British Columbia Municipal and Regional District 2011 Census Total Population Results Name British Columbia

2011 Population

2011 Area Sq. km

Percent Growth 2006 - 2011









































West Kelowna




Kelowna Keremeos Lake Country

Source: 2011 + 2006 Census, Statistics Canada, Ottawa Prepared by: BC Stats, Ministry of Labour, Citizens' Services and Open Government


Eric Simmard | TOTA | SCC

Summerland has quietly leaped to the top of the Provincial scale in positive socio-economic measurements. Second only to West Vancouver, Summerland ranks 2nd overall in best-off BC regions when measuring economic factors, health care, education, crime statistics and the welfare of children and youth. Released on July 29, 2013 by BC Stats, the Socio-Economic Indices provide comparative measures among BC regions of six factors: human economic hardship, crime, health problems, education concerns, children at risk and youth at risk. 77 regions are ranked in the Overall Regional Socio-Economic Index with Summerland at #76 (graph ranks in reverse order from worst to best off regions).This new statistical report from BC Stats offers the empirical proof of what we have known about our community all along. Click here to read the full report. Source: BC Stats:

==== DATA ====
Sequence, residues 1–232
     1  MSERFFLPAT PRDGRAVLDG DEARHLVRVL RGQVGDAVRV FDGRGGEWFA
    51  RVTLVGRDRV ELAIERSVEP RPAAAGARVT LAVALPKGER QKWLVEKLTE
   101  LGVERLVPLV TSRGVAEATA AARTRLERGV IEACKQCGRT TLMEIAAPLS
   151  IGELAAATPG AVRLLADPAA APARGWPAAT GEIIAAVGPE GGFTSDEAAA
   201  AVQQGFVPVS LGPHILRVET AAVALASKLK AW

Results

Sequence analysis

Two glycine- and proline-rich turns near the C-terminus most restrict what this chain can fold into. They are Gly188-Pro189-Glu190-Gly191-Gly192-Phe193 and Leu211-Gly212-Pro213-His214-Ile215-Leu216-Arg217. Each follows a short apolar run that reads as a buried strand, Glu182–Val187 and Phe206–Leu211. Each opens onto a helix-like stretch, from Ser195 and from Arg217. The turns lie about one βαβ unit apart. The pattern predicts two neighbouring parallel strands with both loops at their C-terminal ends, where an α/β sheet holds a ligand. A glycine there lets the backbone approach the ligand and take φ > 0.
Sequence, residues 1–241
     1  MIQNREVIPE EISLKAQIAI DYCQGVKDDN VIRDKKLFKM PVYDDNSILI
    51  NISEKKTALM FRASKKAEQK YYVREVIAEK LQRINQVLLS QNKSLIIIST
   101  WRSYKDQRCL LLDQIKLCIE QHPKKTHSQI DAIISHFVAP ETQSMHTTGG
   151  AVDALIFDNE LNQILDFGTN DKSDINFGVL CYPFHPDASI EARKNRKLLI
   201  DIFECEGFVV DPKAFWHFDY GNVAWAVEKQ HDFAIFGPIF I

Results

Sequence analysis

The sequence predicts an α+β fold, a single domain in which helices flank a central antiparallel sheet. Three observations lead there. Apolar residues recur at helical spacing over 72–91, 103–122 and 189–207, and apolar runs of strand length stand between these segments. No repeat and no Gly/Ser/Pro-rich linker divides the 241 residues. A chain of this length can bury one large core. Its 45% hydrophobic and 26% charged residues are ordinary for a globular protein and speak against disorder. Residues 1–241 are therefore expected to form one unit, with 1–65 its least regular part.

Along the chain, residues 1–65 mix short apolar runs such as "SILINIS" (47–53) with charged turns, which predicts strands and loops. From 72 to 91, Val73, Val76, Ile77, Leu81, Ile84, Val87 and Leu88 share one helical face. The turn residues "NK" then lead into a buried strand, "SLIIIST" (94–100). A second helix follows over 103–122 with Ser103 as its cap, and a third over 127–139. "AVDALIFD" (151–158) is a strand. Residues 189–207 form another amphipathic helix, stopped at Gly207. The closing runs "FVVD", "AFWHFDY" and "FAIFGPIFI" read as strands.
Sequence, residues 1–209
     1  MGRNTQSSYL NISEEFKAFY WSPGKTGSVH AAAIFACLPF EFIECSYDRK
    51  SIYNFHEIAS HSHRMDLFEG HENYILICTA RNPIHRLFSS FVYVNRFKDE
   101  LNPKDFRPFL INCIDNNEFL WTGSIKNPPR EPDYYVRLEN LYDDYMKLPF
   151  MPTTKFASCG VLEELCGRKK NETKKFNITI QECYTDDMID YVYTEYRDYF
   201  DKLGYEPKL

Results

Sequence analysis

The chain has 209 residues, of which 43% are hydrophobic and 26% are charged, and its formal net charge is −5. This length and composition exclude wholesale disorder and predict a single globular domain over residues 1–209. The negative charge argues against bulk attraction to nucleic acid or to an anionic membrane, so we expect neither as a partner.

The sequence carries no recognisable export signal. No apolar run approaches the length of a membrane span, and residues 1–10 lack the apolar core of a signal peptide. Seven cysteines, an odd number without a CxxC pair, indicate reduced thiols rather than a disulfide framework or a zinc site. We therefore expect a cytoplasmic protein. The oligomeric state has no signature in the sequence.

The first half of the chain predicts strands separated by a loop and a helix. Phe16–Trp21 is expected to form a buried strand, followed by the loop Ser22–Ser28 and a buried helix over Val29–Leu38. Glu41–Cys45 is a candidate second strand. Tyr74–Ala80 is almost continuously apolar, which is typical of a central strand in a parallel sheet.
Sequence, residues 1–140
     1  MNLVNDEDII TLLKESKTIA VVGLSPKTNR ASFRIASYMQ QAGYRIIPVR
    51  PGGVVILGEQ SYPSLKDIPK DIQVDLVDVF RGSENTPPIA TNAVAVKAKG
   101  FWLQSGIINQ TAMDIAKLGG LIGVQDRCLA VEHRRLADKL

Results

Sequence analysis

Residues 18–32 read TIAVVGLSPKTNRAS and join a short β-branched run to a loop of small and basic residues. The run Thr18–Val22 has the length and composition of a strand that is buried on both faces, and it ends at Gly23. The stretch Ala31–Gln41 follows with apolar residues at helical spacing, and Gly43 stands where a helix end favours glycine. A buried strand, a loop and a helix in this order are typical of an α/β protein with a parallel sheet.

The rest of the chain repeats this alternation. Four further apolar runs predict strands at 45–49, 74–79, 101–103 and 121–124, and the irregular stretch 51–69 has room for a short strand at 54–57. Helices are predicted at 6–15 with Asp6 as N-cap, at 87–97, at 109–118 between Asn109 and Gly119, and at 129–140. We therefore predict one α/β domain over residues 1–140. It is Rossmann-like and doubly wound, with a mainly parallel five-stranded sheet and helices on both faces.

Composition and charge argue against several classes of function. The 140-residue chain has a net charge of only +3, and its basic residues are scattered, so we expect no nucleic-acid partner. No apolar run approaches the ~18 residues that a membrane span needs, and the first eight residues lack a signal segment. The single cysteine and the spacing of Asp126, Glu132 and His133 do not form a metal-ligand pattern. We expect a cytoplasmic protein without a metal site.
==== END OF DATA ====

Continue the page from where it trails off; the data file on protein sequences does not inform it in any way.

OVERALL REGIONAL SOCIO-ECONOMIC INDEX 2012 Ranked from Worst-Off to Best-Off Regions Local Health Areas

Regional Index

Socio-Economic Index Rank

Surrey Southern Okanagan Princeton Vernon Abbotsford

0.01 -0.05 -0.07 -0.09 -0.10

39 43 46 47 48

Burnaby Central Okanagan Vancouver Nelson Greater Victoria Revelstoke North Vancouver Summerland West Vanc-Bowen Isl

-0.12 -0.15 -0.17 -0.17 -0.23 -0.56 -0.56 -0.75 -0.84

49 51 52 53 55 72 73 76 77

Source: BC Stats Socio Economic Indices

12 Eric Simard | TOTA | SCC

Kelly Funk | TOTA | SCC

Selected Census Characteristics Total Population 25-64 years No Certificate, diploma or degree High School Certificate or equivalent Apprenticeship/trades certificate or diploma University Certificate, diploma or degree Bachelor's Degree Census Families Lone-parent families Households 1-family households Multi-family households Non-family households Median Family Income

2006 5,360 535 1,420 905 1,320 590 3,345 390 4,545 3,265 40 1,235 $58,888

Sophia Jackson

Elevation: Longitude: Latitude: